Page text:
# How to define the fibonacci sequence using a fold for natural numbers?

I am currently learning folds in the sense of structural recursion/catamorphisms. I implemented power and factorial using a fold for natural numbers. Please note that I barely know Haskell, so the code is probably awkward:

``````foldNat zero succ = go
where
go n = if (n <= 0) then zero else succ (go (n - 1))

pow n = foldNat 1 (n*)

fact n = foldNat 1 (n*) n
``````

Next I wanted to adapt the fibonacci sequence:

``````fib n = go n (0,1)
where
go !n (!a, !b) | n==0      = a
| otherwise = go (n-1) (b, a+b)
``````

With `fib` I have a pair as second argument whose fields are swapped at each recursive call. I am stuck at this point, because I don't understand the mechanics of the conversion process.

[EDIT]

As noted in the comments my `fact` function is wrong. Here is a new implementation based on a paramorphism (hopefully):

``````paraNat zero succ = go
where
go n = if (n <= 0) then zero else succ (go (n - 1), n)

fact = paraNat 1 (\(r, n) -> n * r)
``````

Solution

• Let the types guide you. Here is your `foldNat`, but with a type signature:

``````import Numeric.Natural

foldNat :: b -> (b -> b) -> Natural -> b
foldNat zero succ = go
where
go n = if (n <= 0) then zero else succ (go (n - 1))
``````

Having another look at the `go` helper in your implementation of `fib`, we can note the recursive case takes and returns a `(Natural, Natural)` pair. Comparing that with the successor argument to `foldNat` suggests we want `b` to be `(Natural, Natural)`. That is a nice hint on how the pieces of `go` should fit:

``````fibAux = foldNat (0, 1) (\(a, b) -> (b, a + b))
``````

(I am ignoring the matter of strictness for now, but I will get back to that.)

This is not quite `fib` yet, as can be seen by looking at the result type. Fixing that, though, is no problem, as Robin Zigmond notes:

``````fib :: Natural -> Natural
fib = fst . foldNat (0, 1) (\(a, b) -> (b, a + b))
``````

At this point, you might want to work backwards and substitute the definition of `foldNat` to picture how this corresponds to an explicitly recursive solution.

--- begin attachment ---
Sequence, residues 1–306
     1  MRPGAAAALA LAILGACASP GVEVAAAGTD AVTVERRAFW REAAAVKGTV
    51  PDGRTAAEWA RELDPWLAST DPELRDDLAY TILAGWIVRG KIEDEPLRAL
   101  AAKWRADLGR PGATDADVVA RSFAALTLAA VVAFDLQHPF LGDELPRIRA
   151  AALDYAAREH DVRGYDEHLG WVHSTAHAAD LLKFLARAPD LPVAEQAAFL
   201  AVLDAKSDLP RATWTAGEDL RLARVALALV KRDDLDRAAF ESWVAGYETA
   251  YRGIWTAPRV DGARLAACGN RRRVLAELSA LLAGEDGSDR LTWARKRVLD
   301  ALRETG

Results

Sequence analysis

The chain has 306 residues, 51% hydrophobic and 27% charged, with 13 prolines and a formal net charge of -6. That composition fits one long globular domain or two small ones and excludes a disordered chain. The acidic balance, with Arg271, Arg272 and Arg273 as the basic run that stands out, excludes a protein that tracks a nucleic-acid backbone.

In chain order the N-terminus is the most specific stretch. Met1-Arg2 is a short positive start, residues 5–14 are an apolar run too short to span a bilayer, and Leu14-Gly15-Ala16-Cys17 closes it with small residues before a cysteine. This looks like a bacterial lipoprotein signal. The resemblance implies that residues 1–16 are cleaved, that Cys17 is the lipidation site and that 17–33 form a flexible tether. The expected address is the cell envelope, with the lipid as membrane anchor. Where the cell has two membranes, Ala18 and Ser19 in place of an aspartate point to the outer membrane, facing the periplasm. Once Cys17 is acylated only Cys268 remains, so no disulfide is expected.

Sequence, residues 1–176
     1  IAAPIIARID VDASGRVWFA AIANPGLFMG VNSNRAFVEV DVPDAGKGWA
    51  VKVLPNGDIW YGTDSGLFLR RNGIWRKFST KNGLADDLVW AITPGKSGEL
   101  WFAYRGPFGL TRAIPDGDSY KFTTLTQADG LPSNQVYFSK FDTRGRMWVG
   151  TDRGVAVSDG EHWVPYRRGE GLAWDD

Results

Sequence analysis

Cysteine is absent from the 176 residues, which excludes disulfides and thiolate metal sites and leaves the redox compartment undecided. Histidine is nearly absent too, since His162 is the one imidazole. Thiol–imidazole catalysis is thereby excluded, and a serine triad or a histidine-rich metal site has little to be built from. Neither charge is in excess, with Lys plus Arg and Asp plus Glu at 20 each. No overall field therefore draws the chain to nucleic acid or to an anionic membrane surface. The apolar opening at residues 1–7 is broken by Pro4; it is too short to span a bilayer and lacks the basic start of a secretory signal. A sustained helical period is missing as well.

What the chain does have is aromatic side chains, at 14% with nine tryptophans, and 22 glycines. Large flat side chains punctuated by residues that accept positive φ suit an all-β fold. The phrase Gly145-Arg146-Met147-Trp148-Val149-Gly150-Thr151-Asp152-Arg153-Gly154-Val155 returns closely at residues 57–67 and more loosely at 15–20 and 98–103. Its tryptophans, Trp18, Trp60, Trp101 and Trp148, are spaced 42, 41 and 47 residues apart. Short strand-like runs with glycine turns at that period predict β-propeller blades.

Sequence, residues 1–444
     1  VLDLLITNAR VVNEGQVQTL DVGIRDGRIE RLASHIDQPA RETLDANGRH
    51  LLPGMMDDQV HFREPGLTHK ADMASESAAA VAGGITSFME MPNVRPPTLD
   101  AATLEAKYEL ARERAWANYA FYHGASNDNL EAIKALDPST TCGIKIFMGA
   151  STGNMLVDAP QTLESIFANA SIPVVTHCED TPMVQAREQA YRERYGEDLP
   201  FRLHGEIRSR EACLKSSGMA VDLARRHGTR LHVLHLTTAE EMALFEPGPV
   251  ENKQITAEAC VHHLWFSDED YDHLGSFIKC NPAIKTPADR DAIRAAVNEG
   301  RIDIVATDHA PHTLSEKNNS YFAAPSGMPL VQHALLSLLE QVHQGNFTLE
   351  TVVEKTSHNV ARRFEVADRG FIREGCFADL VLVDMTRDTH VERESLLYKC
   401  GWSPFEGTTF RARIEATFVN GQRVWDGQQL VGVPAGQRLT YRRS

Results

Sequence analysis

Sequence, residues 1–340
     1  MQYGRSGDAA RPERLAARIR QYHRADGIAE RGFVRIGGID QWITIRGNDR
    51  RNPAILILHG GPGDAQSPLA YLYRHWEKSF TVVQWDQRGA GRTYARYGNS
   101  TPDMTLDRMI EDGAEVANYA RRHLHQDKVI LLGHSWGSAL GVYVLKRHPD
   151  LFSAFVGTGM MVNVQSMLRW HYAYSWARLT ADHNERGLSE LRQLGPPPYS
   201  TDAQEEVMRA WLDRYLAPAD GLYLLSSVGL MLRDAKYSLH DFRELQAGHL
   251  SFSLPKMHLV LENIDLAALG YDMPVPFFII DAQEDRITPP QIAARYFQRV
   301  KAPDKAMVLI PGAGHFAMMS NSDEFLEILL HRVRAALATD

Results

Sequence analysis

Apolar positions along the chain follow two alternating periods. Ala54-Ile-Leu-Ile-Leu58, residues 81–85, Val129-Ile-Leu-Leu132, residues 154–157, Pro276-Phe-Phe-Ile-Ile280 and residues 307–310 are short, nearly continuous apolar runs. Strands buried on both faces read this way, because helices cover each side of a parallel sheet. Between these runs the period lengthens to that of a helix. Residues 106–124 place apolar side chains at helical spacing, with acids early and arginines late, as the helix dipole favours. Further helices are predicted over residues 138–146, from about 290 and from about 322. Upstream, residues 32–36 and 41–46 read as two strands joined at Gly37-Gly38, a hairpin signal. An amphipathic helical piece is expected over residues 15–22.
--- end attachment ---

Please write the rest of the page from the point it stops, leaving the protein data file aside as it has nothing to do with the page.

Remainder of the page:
While this is a perfectly good implementation of `fib`, there is one major difference between it and the one you had written: this one is a lazy right fold (as is the norm for Haskell catamorphisms), while yours was clearly meant as a strict left fold. (And yes, it does make sense to use a strict left fold here: in general, if what you are doing looks like arithmetic, you ideally want strict left, while if it looks like building a data structure, you want lazy right). The good news, though, is that we can use catamorphisms to define pretty much anything that consumes a value recursively... including strict left folds! Here I will use an adapted version of the foldl-from-foldr trick (see this question for a detailed explanation of that in the case of lists), which relies on a function like this:

``````lise :: (b -> b) -> ((b -> b) -> (b -> b))
lise suc = \g -> \n -> g (suc n)
``````

The idea is that we take advantage of function composition (`\n -> g (suc n)` is the same as `g . suc`) to do things in the opposite order -- it is as if we swapped `succ` and `go` in the right hand side of your definition of `go`. `lise suc` can be used as the successor argument to `foldNat`. That means we will get a `b -> b` function in the end rather than a `b`, but that is not a problem because we can apply it to the zero value ourselves.

Since we want a strict left fold, we have to sneak in a `(\$!)` to make sure `suc n` is eagerly evaluated:

``````lise' :: (b -> b) -> ((b -> b) -> (b -> b))
lise' suc = \g -> \n -> g \$! suc n
``````

Now we can define a strict left fold (it is to `foldNat` what `foldl'` from `Data.List` is to `foldr`):

``````foldNatL' :: b -> (b -> b) -> Natural -> b
foldNatL' zero suc n = foldNat id (lise' suc) n zero
``````

There is a final, important detail to deal with: making the fold strict is of little use if we are lazily building a pair along the way, as the pair components will remain being built lazily. We could deal with that by using `(\$!)` along with `(,)` for building the pair in the successor function. However, I believe it is nicer to use a strict pair type instead so that we don't have to worry with that:

``````data SP a b = SP !a !b
deriving (Eq, Ord, Show)

fstSP :: SP a b -> a
fstSP (SP a _) = a

sndSP :: SP a b -> b
sndSP (SP _ b) = b
``````

The `!` mark the fields as strict (note that you don't need to enable `BangPatterns` to use them).

With everything in place, we can at last have `fib` as a strict left fold:

``````fib' :: Natural -> Natural
fib' = fstSP . foldNatL' (SP 0 1) (\(SP a b) -> SP b (a + b))
``````

P.S.: As amalloy notes, your `fac` calculates n^n rather than n!. That is probably a matter better left for a separate question; in any case, the gist of it is that factorial is more naturally expressed as a paramorphism on naturals, rather than as a plain catamorphism. (For more on that, see, for instance, the Practical Recursion Schemes blog post by Jared Tobin, more specifically the section about paramorphisms.)